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Arctic climate change has global scale impacts, say the climate specialists

News 2018-12-13 at 13:33
Recent Arctic erosion and loss of permafrost along the Alaskan coast. Photo from USGS
Recent Arctic erosion and loss of permafrost along the Alaskan coast near Drew Point. Thawing land ice (white) is clearly visible. This is part of the current rapid changes happening in the Arctic. Photo from USGS.

The Arctic is changing rapidly as a result of global climate change. “Over the past five years, warm Arctic temperatures and large sea-ice deficits show contemporary climate states outside of previous experience. We have already lost 75% of the sea ice volume in the Arctic since 1979”, says one of the authors of a new research paper, Research Professor Martin Forsius from the Finnish Environment Institute.

Future changes of the Arctic are projected to occur twice as fast as those further south. This will leave the Arctic a much different environment by mid-century, with less snow and sea ice, thawing permafrost and melting glacial ice, and altered ecosystems. All this is driven by an annual mean Arctic temperature increase of +4°C. These changes may in turn impact lower latitudes through tundra greenhouse gas release. changes in ocean circulation, and shifts in atmospheric jet stream patterns.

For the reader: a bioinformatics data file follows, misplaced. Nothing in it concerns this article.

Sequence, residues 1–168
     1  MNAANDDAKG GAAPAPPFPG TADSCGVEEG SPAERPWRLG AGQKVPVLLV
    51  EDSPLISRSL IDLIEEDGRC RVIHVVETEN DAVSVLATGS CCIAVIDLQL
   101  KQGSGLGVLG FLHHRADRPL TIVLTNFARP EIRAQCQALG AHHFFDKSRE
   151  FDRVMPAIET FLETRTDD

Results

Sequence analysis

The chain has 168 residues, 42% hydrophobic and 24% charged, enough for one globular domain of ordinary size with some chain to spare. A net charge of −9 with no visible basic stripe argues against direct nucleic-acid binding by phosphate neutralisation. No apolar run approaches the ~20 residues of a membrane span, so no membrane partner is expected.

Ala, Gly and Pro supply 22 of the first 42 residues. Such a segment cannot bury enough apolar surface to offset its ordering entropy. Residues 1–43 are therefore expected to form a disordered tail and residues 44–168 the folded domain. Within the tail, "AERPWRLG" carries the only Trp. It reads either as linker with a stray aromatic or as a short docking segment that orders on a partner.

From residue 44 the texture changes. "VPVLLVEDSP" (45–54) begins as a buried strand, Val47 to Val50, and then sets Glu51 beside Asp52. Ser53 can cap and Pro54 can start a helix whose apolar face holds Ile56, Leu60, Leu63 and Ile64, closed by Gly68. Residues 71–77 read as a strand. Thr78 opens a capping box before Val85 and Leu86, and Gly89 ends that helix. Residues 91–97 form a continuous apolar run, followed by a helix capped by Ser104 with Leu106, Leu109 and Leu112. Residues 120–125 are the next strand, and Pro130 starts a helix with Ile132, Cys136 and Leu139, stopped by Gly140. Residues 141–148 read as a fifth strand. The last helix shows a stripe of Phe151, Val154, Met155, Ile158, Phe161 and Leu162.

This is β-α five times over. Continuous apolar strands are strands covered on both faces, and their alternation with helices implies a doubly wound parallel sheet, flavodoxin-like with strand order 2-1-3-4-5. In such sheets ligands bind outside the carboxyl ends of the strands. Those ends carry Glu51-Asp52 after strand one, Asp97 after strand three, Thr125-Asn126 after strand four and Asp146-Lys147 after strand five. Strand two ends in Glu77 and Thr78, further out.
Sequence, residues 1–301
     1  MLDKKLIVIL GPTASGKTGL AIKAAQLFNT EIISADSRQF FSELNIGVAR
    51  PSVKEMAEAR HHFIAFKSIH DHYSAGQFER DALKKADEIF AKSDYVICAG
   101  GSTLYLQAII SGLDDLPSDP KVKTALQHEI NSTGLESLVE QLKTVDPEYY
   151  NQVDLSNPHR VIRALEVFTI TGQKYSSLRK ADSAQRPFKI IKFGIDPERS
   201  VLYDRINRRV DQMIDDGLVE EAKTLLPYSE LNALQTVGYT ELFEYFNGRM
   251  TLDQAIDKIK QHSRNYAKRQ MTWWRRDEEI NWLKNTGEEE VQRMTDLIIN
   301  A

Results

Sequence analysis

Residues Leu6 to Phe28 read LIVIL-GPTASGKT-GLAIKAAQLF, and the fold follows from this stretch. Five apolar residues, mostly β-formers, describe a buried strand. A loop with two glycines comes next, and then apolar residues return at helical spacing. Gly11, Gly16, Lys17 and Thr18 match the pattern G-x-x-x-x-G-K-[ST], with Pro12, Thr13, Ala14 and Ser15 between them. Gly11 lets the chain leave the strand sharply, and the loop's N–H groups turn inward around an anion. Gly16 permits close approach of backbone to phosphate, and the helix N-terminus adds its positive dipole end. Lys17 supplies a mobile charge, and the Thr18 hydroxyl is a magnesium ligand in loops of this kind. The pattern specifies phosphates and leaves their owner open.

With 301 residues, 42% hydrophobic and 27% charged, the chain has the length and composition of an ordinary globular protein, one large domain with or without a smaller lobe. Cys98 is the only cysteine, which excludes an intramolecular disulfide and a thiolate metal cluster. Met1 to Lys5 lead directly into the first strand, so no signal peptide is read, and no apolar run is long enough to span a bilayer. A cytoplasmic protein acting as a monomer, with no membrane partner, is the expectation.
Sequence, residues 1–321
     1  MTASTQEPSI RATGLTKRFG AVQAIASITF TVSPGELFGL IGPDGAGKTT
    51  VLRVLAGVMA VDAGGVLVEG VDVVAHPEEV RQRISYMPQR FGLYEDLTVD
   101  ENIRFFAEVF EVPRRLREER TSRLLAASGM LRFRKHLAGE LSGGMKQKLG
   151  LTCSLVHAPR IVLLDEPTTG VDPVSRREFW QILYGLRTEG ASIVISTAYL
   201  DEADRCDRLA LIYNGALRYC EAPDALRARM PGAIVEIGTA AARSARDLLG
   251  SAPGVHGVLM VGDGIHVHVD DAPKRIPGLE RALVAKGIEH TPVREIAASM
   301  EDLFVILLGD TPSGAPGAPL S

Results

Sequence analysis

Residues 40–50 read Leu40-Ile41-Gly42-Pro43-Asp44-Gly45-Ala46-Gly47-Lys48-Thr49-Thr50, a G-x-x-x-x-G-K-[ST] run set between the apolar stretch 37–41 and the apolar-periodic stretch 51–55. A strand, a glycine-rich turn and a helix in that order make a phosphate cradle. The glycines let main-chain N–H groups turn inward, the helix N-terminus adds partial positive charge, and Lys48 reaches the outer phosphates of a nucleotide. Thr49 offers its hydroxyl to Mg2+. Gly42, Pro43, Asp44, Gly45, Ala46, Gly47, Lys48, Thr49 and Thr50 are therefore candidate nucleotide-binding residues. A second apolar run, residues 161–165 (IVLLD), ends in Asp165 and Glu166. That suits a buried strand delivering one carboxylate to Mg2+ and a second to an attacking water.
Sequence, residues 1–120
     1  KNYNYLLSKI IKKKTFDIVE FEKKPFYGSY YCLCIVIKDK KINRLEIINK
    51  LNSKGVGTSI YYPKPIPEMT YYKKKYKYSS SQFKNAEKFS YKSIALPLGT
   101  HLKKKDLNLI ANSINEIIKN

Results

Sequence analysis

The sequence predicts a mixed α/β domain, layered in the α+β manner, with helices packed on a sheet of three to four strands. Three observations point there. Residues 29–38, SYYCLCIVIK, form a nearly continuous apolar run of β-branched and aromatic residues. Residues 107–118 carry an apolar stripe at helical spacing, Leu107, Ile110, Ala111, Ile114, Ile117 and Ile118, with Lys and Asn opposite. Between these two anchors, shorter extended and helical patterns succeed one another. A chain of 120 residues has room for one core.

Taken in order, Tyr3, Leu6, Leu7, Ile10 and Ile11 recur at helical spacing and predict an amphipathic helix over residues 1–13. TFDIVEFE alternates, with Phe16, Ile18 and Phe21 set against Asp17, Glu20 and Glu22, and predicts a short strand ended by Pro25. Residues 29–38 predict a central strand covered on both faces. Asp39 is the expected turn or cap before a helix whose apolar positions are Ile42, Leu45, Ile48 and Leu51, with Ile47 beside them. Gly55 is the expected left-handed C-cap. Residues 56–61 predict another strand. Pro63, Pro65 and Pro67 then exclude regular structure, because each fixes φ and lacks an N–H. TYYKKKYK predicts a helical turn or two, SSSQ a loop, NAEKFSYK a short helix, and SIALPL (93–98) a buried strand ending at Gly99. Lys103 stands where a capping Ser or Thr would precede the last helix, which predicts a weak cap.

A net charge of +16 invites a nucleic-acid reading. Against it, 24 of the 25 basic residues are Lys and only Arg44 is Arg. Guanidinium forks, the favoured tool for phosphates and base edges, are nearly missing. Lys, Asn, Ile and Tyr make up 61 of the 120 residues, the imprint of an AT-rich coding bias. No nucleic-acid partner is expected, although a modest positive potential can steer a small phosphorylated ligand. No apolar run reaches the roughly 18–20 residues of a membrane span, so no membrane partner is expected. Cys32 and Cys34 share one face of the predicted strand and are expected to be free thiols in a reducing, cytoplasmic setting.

These are the conclusions reached in the paper published in the journal Polar Science. The research provides a synthesis of the latest observational trends and projections for the future. The paper was authored by a team of ten international scientists as part of the Arctic Monitoring and Assessment Programme’s (AMAP) climate group.

Furthermore, owing to time lags between rising temperatures and melting ice on Greenland, accelerating global sea-level rise will continue throughout the century, even under ambitious programmes to reduce greenhouse gas emissions.

Arctic-specific radiative and heat storage feedbacks may become an obstacle to achieving a stabilized global climate under the Paris Accord global limit of a less than +2°C increase. In light of these trends, Arctic changes call for early and ongoing adaptation and mitigation actions. Greenhouse gas emission reductions will delay rates of Arctic change, making adaptation more tractable.

More information

Lead authors

  • James Overland, NOAA USA
    james(dot)e(dot)overland@noaa.gov
  • Jason Box, Geological Survey of Denmark and Greenland
    jeb(at)geus.dk

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